Late last year, KrebsOnSecurity wrote that two huge swaths of credit card numbers put up for sale in the cybercrime underground had likely been stolen from Park ‘N Fly and from OneStopParking.com, competing airport parking services that lets customers reserve spots in advance of travel via Internet reservation systems. This week, both companies confirmed that they had indeed suffered a breach.
When contacted by this author on Dec. 15, Atlanta-based Park ‘N Fly said while it had recently engaged multiple security firms to investigate breach claims, it had not found any proof of an intrusion. In a statement released Tuesday, however, the company acknowledged that its site was hacked and leaking credit card data, but stopped short of saying how long the breach persisted or how many customers may have been affected. A portion of their statement reads:
“Park ‘N Fly (“PNF”) has become aware of a security compromise involving payment card data processed through its e-commerce website. PNF has been working continuously to understand the nature and scope of the incident, and has engaged third-party data forensics experts to assist with its investigation. The data compromise has been contained. While the investigation is ongoing, it has been determined that the security of some data from certain payment cards that were used to make reservations through PNF’s e-commerce website is at risk. The data potentially at risk includes the card number, cardholder’s name and billing address, card expiration date, and CVV code. Other loyalty customer data potentially at risk includes email addresses, Park ‘N Fly passwords, and telephone numbers.”
The Park ‘N Fly homepage now includes a conspicuous notice stating that the Web site is temporarily unable to process transactions and directs customers to a 1-800 for reservations.
Reading the Park ‘N Fly disclosure made me wonder if anything had changed over at OneStopParking.com, a Florence, Ky.-based competitor that KrebsOnSecurity reported Dec. 30, 2014 as the likely source of another e-commerce breach. Reached via phone this morning, the site’s manager Amer Ghanem said the company recently determined that hackers had broken in to its systems via a vulnerability in Joomla for which patches were made available in Sept. 2014. Unfortunately for OneStopParking.com and its customers, the company put off applying that Joomla update because it broke portions of the site.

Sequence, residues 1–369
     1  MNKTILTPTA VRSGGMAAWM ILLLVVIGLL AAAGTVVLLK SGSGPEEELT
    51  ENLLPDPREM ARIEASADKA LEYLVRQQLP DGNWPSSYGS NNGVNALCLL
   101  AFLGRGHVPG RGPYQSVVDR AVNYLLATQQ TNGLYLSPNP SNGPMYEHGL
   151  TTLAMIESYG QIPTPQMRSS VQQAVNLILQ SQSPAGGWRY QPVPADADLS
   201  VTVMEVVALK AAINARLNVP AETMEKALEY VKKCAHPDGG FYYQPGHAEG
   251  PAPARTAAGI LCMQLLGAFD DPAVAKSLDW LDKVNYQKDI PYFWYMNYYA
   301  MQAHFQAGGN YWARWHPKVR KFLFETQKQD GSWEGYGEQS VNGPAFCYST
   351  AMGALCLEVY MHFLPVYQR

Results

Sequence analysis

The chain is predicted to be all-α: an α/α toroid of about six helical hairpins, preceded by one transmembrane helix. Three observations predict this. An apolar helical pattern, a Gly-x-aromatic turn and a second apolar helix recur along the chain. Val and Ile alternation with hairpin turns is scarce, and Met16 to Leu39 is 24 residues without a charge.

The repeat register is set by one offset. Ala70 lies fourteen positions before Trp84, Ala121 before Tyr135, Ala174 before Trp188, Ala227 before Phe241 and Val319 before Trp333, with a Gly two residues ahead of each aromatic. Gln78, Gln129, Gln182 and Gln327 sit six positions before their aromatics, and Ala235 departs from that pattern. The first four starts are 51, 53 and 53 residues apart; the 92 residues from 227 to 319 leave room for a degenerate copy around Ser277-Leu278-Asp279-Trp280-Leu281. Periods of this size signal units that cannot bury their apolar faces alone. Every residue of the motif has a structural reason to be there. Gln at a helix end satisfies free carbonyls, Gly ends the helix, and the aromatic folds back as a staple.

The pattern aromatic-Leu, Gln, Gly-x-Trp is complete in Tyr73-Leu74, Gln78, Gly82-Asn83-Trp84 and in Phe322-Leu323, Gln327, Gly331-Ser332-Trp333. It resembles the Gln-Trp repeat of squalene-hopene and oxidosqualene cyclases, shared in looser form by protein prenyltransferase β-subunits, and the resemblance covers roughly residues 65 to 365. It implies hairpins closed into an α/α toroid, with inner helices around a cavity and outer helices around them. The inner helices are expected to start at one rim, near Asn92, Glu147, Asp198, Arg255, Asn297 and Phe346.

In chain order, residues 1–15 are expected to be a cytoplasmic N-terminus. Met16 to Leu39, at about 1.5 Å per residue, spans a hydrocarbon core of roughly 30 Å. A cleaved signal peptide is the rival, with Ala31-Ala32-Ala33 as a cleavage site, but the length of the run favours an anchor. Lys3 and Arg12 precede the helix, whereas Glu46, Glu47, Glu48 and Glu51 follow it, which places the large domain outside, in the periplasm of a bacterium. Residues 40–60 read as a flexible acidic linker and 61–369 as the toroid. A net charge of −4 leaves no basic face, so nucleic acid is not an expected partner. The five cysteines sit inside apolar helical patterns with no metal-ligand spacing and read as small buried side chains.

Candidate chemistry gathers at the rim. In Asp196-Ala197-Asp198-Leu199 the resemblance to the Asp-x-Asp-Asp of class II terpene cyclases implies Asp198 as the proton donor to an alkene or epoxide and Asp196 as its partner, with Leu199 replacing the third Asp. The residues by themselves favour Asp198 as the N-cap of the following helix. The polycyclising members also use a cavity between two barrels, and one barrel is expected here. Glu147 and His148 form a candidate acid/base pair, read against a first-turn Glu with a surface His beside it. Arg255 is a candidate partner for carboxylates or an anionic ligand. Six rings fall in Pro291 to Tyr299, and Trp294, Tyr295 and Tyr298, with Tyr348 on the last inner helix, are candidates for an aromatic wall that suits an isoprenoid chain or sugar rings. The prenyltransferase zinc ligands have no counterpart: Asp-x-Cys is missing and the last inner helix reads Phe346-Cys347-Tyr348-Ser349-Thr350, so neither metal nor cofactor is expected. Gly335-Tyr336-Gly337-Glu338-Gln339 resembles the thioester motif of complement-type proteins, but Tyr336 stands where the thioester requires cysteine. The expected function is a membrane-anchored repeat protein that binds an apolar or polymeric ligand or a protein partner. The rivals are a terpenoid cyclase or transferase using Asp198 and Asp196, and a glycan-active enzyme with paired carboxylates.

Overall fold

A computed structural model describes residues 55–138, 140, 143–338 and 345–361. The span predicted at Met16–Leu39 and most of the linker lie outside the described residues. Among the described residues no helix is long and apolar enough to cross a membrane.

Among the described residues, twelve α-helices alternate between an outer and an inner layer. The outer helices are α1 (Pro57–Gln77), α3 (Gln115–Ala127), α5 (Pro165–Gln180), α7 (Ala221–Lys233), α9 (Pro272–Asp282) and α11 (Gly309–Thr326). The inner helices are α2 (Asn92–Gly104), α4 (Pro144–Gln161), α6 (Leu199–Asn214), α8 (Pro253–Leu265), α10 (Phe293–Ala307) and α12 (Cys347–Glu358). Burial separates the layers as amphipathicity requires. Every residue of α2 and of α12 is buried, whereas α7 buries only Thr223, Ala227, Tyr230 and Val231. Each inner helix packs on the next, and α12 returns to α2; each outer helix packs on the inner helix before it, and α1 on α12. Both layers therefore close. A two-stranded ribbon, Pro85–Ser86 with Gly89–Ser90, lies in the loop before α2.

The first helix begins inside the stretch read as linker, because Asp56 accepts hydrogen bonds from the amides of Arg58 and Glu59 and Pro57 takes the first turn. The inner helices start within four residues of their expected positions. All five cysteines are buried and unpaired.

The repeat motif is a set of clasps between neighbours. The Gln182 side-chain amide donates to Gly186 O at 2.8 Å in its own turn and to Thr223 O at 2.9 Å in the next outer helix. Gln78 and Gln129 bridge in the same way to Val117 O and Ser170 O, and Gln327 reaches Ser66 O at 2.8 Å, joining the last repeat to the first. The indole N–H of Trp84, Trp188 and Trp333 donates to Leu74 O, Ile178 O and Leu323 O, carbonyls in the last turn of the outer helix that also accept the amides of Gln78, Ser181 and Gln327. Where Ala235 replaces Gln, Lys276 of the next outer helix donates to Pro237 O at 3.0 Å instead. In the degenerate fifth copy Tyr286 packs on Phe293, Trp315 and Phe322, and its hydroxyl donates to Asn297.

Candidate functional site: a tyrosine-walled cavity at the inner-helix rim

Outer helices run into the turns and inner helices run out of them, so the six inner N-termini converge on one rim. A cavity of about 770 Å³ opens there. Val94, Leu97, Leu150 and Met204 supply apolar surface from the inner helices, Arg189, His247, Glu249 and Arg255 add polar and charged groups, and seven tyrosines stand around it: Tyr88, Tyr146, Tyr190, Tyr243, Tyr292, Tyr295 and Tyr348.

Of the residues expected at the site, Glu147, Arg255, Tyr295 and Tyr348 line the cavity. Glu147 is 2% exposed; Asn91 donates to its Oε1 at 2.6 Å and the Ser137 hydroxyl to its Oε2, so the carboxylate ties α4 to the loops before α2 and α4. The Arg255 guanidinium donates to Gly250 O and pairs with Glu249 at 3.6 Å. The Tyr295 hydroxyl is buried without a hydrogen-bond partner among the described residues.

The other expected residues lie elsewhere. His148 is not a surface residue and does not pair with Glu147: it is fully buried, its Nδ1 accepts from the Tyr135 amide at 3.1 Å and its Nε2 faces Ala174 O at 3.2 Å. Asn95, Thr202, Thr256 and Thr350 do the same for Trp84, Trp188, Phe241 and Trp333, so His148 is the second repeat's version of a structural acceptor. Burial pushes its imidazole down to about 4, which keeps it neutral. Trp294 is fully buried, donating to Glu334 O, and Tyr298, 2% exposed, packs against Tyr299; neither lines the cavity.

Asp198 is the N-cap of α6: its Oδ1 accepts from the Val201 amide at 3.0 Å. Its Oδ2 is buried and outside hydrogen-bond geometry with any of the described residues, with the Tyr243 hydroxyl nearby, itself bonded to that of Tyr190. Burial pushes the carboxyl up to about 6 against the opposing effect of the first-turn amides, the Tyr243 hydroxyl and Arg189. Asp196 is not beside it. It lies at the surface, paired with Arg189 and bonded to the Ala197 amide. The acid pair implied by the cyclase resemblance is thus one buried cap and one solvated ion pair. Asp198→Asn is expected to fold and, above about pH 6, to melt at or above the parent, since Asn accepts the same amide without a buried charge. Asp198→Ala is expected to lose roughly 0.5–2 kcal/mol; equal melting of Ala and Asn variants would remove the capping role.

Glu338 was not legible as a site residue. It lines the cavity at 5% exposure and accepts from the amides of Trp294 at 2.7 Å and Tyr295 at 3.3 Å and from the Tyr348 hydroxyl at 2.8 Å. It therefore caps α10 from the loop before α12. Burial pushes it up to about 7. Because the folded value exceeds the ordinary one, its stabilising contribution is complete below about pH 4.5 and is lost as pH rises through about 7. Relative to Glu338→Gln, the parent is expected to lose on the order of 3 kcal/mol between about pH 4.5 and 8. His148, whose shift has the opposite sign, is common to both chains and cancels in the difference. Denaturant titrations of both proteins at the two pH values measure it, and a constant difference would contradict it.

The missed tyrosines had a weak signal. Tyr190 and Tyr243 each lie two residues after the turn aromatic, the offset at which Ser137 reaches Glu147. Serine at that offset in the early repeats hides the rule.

Ghanem said his firm is in the process of notifying affected customers.
Unlike card data stolen from main street retailers — which can be encoded onto new plastic and used to buy stolen goods in physical retail stores — cards stolen from online transactions can only be used by thieves for fraudulent online purchases. However, most online carding shops that sell stolen card data in underground stores market both types of cards, known in thief-speak as “dumps” and “CVVs,” respectively.
The stolen CVVs traced back to both Park ‘N Fly and Onestopparking.com were among thousands for sale in large batches of card data being peddled at Rescator[dot]cm, the same crime shop that first moved cards stolen in the retail breaches at Home Depot, Target, Sally Beauty, P.F. Chang’s and Harbor Freight. The card data in both batches ranged in price from $6 to $9 per card, and included the card number, expiration date, 3-digit card verification code, as well as the cardholder’s name, address and phone number.
Predictably, Park ‘N Fly is offering affected consumers 12 months of free credit monitoring services, even though credit protection services generally do nothing to detect or prevent fraud on existing accounts — such as credit cards. For more on what credit monitoring services actually do (and don’t do) check out this primer.
Interestingly, the disclosure timeline for both of these companies would have been consistent with a new data breach notification law that President Obama called for earlier this week. That proposal would require companies to notify consumers about a breach within 30 days of discovering their information has been hacked.